I hope that you have been collecting your gold stars for your daily efforts but have you been taking a moment to really give yourself credit for your hard work?
Whenever I chat with people about their efforts to build a new habit or routine, I usually discover that they are not giving themselves enough credit for the work they are putting in and they dismiss the impact of the challenges they face to do that work.
Since I really want you to be able to recognize all of your efforts and claim your well-deserved credit, let’s have a closer look at your work and at your obstacles.
Dealing With Obstacles Takes Effort
Lots of motivation-minded people try to cheer us on by saying things like ‘we’re all in the same boat’ or ‘we all have the same 24 hours to work with.’ And then they follow that up by some comment that implies that if the reader just focused and got their act together, they too could achieve the ideal results on display.
This is bullshit, of course.
Aside from the glaring lack of awareness of the privilege on display in those phrases, no two people are living the same life or facing the same obstacles. Even people with the same size families living in the same economic conditions with the same educational background and the same basic daily routines are not facing the same challenges. From a strictly chronological sense, we have the same 24 hours in each day but in a practical sense some people have a lot to deal with minute to minute while others have a very smooth path.
You may see yourself as being ‘just like’ your friend who can easily get up at 5am for yoga and chastise yourself for not being able to do that, too. But maybe their internal clock is set to different hours than yours. Maybe their children sleep through the night. Maybe your body is structured differently than theirs and yoga isn’t accessible for you. Maybe you have early morning obligations that prevent you from focusing on yoga at that point in the day. Maybe you are dealing with all of that and your morning starts at 7 and you do a few neck stretches before plunging into your day.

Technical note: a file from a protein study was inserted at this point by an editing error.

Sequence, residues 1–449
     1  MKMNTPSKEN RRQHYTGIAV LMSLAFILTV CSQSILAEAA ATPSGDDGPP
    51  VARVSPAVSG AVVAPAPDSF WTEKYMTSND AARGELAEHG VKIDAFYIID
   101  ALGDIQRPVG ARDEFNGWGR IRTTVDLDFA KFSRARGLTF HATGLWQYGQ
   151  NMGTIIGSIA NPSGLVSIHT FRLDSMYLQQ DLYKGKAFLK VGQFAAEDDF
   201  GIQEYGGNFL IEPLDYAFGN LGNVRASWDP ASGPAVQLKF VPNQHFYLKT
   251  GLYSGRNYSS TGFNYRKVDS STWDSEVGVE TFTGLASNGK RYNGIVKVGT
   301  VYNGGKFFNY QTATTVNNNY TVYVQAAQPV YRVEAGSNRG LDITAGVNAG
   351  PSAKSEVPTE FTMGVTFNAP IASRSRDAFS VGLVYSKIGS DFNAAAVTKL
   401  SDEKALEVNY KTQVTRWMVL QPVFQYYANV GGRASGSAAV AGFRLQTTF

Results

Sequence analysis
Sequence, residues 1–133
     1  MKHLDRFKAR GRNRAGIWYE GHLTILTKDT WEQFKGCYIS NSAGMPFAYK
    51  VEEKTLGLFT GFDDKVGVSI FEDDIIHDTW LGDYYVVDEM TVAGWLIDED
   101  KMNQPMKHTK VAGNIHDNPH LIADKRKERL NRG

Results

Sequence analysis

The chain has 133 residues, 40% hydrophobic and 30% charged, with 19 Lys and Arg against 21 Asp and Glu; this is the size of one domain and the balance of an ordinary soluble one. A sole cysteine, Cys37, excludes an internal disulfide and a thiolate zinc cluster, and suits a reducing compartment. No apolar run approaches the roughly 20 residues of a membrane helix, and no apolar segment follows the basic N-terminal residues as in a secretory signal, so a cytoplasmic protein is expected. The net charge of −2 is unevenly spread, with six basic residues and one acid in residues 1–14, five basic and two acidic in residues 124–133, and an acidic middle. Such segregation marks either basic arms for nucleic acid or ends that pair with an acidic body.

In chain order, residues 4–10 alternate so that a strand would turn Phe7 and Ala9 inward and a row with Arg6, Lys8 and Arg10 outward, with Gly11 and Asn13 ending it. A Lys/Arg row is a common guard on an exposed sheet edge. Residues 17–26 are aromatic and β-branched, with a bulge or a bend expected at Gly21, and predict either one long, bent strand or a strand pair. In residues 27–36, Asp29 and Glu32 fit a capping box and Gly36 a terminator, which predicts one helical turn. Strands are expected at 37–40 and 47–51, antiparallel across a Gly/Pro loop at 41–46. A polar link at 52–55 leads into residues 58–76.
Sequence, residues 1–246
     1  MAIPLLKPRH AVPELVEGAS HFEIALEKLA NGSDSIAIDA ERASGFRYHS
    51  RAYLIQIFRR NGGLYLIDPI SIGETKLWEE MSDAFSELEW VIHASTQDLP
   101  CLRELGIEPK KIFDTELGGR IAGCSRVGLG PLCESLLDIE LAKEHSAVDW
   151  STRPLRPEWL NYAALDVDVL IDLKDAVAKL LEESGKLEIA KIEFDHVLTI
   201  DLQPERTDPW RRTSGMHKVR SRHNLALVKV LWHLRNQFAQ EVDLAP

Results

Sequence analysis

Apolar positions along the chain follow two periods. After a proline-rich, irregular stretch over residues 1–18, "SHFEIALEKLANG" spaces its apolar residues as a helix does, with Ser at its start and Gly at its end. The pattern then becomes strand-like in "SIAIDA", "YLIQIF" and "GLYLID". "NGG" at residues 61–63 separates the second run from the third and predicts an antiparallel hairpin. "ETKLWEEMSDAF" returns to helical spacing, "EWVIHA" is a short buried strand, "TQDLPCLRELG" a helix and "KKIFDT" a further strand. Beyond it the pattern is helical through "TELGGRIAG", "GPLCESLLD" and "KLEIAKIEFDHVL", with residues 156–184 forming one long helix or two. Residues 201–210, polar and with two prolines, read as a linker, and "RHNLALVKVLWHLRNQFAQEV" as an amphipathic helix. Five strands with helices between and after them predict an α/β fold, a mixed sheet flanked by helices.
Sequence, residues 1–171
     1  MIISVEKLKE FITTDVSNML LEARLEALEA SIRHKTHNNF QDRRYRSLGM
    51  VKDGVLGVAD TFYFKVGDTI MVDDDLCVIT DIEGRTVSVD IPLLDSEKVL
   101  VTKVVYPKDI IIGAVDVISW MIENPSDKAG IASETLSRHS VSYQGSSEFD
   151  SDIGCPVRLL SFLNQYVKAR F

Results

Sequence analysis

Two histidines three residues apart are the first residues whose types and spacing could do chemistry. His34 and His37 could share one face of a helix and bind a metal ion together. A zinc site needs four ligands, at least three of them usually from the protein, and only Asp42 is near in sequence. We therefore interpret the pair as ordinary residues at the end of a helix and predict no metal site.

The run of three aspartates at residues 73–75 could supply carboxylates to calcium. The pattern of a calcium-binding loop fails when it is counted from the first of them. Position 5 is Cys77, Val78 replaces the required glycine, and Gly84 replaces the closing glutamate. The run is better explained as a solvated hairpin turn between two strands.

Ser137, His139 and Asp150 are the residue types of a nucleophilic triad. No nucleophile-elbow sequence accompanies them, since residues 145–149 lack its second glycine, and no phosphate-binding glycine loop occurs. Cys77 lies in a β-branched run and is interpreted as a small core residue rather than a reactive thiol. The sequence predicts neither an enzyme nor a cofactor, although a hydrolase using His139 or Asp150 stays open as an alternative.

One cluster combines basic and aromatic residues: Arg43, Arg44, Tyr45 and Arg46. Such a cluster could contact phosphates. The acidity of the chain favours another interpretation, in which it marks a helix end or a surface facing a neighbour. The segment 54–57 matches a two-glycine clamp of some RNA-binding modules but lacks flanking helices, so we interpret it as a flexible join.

Sure, from a energy burning standpoint, you have put in “less” effort with your stretches than they put into their yoga.
But from a giving-yourself-credit standpoint, you are putting in far more effort. They can roll out of bed and hop on their mat, you have to overcome a bunch of obstacles to do a few a neck stretches.
I don’t really mean to frame this as a competition but since we tend to compare ourselves to others and find ourselves lacking, I thought it might be useful to be at least a bit more realistic about it.
For some habits, on some days, it will be easy to do what we planned. On other days, we have an uphill battle to do our placeholder habit. That is not a failing on our part. That is a victory. And we need to give ourselves credit for that.
In fact, we also need to give ourselves credit for the days that we decide to NOT include our new habit so we can get more sleep, connect with someone important to us, or just to rest. Making that decision is a victory too. After all, we’re not building these habits for their own sake, we’re building them to enhance our experiences in our own lives.
So, instead of being hard on ourselves for doing something “less” than what someone else did, let’s give ourselves credit for the effort we put in to be able to work on our habit.
It’s Still Hard Even If You’re Used To It
And, for heaven’s sake, please object when your brain coughs up things like ‘But it has been this way for so long I should be used to it!’
That ‘should’ in there is a clue to pay close attention.
Even if you are used to things being this way, THEY ARE STILL HARD. Give yourself credit for those efforts. You are still busy. You are still spending a lot of energy just to get through your day.